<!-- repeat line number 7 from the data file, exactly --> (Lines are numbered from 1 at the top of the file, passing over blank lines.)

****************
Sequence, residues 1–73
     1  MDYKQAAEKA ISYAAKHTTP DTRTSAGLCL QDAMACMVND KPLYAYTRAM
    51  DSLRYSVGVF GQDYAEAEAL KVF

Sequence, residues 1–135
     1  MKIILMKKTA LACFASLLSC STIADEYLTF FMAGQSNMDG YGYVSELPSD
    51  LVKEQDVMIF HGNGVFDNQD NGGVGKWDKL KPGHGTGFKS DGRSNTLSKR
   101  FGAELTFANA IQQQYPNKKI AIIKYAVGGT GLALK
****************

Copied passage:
   101  FGAELTFANA IQQQYPNKKI AIIKYAVGGT GLALK